Field Testing And Cost – Benefit Analysis of Anoxic/Anaerobic Selectors


  • Griborio, Alonso; Castilla, Edwin; Vinci, Paul; Pitt, Paul - Hazen and Sawyer, PC
  • Ralph Aliseo - Broward County Water and Wastewater Services

It has been well documented that anoxic and anaerobic selector zones in wastewater treatment facilities are very effective in improving the activated sludge settleability. Selectors are very effective in reducing both the average SVI and its variance (Mangrum, 1998) and are a good strategy for bulking control in full-scale activated sludge plants (Parker et al., 2003). Griborio et al. (2008) indicated that sludge settleability is the single most important factor affecting clarifier performance and capacity, and therefore the design SVI in a wastewater treatment plant has an enormous economic impact.
This paper will present the evaluation of a full scale selector zone installed in a facility that requires increasing the MLSS to enhance nitrification. The selector zone was installed to evaluate its potential benefits versus building additional clarifiers.

Implementing a Selector Zone
The study was conducted at the Broward County North Regional Wastewater Treatment Plant (BCNRWWTP) which is a facility composed of five individual activated sludge modules and rated at 100 mgd Annual Average Daily Flow (AADF). Modules A, B and D have mechanical surface aerators and Modules C and E utilize fine bubble aeration. The BCNRWWTP conducted a pilot study in one module (Module C) to evaluate the reduction of the total nitrogen (TN) in the secondary effluent. As a part of this study an anoxic selector at the front of Module C was implemented by shutting down the air diffusers. Module E is provided with an anaerobic selector. A schematic layout of the BCNRWWTP is presented in Figure 1.

Effect of the Anoxic Selector on the SVI
The Sludge Volume Index or SVI is normally used in wastewater treatment plants to indicate the settleability of the activated sludge, with lower values representing better settling conditions. The SVI determination is empirical, depends on sludge concentration and is prompt to significant errors, but it is easy to apply and therefore widely used. An SVI value of 100 mL/g is normally considered good settling sludge and values over 150 mL/g are normally considered poor settling. Table 1 shows the SVI values measured for all modules at the BCNRWWTP during the course of the pilot study and Table 2 compares the SVI values for Module C before and after the implementation of the anoxic selector. The data presented in Table 1 indicate considerably better settling for Modules C and E compared to Modules A, B and D. The average SVIs for Module C and E are 75 and 76 mL/g, respectively, while SVIs for the rest of the Modules are over 200 mL/g. Module C (during the pilot program) and Module E are provided with anoxic and anaerobic zones at the front of the biological reactors. These unaerated zones act like biological selectors that promote the growth of floc-foarming bacteria over filamentous bacteria resulting in an activated sludge with better settling and thickening characteristics. While the difference between Modules C and E compared to Modules A, B and D could be also associated with the use of mechanical surface aerator versus the use of fine bubble diffused aeration, the SVI values presented in Table 2 confirm that the anoxic selector zone considerably improved the settleability of the activated sludge in Module C.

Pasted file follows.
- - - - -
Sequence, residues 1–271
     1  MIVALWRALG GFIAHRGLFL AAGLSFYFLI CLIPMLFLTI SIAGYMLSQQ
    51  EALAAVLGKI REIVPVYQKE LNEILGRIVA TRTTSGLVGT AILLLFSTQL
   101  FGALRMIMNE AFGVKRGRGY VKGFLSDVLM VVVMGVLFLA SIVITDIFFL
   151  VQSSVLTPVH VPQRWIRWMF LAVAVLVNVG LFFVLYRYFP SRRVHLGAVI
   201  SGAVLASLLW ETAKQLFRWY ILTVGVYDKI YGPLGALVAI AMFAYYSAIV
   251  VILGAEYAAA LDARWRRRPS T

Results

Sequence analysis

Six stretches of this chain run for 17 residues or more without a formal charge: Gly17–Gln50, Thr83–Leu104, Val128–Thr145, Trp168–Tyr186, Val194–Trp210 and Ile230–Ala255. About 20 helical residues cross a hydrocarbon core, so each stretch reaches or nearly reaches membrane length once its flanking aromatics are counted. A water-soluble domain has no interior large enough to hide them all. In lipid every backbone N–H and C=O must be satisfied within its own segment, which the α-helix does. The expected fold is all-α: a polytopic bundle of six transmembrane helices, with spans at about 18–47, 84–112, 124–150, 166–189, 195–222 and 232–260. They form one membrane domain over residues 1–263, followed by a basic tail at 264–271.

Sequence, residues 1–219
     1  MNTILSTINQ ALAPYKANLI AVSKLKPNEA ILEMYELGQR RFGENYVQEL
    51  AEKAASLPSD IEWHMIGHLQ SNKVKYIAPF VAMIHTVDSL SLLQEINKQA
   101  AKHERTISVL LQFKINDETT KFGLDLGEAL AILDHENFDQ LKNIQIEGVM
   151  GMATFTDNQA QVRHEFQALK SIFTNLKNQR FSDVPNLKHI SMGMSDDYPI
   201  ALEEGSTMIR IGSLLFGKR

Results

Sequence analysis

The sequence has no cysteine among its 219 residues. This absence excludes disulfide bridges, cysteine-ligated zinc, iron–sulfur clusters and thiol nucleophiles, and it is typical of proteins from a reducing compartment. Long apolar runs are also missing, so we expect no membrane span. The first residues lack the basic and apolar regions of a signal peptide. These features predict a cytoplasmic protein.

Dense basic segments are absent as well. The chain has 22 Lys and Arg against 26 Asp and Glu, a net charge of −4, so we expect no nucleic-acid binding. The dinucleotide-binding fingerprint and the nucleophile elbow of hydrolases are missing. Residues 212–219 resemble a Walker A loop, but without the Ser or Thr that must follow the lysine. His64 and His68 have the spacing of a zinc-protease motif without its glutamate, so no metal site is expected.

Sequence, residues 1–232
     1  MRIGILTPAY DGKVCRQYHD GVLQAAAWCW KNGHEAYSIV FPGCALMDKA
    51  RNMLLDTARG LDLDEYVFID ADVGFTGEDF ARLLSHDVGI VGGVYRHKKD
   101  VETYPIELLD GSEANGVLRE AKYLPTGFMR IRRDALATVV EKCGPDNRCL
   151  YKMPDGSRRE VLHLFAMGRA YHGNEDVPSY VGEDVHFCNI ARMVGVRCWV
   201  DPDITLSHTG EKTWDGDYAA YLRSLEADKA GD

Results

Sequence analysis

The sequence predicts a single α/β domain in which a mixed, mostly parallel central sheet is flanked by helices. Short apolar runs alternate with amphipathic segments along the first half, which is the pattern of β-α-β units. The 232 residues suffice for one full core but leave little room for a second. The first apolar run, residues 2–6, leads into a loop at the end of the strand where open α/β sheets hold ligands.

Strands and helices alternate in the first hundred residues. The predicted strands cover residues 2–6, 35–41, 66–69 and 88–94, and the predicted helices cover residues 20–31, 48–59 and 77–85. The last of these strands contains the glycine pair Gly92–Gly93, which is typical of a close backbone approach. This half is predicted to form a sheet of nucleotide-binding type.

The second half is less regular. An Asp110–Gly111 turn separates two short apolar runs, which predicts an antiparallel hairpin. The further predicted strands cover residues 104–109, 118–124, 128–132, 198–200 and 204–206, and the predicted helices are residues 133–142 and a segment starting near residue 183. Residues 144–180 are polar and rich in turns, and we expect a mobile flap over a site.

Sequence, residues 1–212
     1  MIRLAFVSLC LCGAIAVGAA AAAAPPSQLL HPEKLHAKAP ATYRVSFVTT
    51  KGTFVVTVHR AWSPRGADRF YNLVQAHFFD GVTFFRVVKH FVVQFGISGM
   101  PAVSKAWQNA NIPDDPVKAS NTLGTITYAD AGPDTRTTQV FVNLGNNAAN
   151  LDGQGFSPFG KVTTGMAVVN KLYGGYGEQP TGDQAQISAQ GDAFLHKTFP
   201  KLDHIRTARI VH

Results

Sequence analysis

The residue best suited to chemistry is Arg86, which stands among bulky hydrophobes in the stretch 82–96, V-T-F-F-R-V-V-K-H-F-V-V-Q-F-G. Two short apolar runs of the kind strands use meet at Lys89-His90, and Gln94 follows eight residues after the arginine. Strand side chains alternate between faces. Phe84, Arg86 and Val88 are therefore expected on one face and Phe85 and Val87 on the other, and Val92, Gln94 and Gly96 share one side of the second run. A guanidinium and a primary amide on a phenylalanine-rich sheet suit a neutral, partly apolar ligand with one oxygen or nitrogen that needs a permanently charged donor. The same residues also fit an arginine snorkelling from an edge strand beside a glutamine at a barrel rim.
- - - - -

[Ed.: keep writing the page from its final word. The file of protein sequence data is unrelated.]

Clarifier Evaluation and Cost Analysis
There are four secondary clarifiers currently in operation in Module C of the BCNRWWTP. The basic dimensions of the secondary clarifiers are presented in Table 3. A State Point Analysis (SPA) was conducted to determine the number of clarifiers needed for a peak flow of 40 mgd and a design MLSS of 2,000 mg/L (traditionally Module C has been operated at MLSS close to 1,000 mg/L). Using the SVI presented in Table 2, the analyses were conducted for two options: with and without the installation of an anoxic selector. The 95th percentile SVIs were selected for the evaluations. Figure 2 shows the SPA results for 4 and 5 clarifiers in operations. The results indicate that four clarifies are needed for an SVI of 120 mL/g (design SVI with a selector zone) and five clarifiers are needed for an SVI of 270 mL/g (design SVI without a selector zone). Table 4 summarizes the results for both options and compares the estimated costs. This study concludes that having an anoxic selector in the first part of the flow-through activated sludge basin in Module C resulted in low and stable SVI values that require 20% less clarifier area than without selector and results in savings of 1.0 million dollars for Module C alone.

Griborio, A., Rohrbacher, J., Taylor, R., Pitt, P. and Latimer, R. (2008). Evaluation of Wet Weather Strategies and Clarifier Optimization Using State-of-the-Art Tools. Proceedings Water Environment Federation 81st Annual Conference & Exposition, Chicago, Illinois, pp. 4957 – 4968.
Parker, D., Appleton, R., Bratby, J., and Melcer, H. (2003). Anoxic or Anaerobic Slectors: Which is Better?. Proceedings Water Environment Federation 76th Annual Conference & Exposition, Los Angeles, California, pp. 582 – 598.
Mangrum, Robert (1998). The effect of Anoxic Selectors on the Control of Activated Sludge Bulking and Foaming. Master thesis submitted to the Faculty of the Virginian Polytechnic Institute and State University. October 1998, Falls Church, Virginia, 70 pages.

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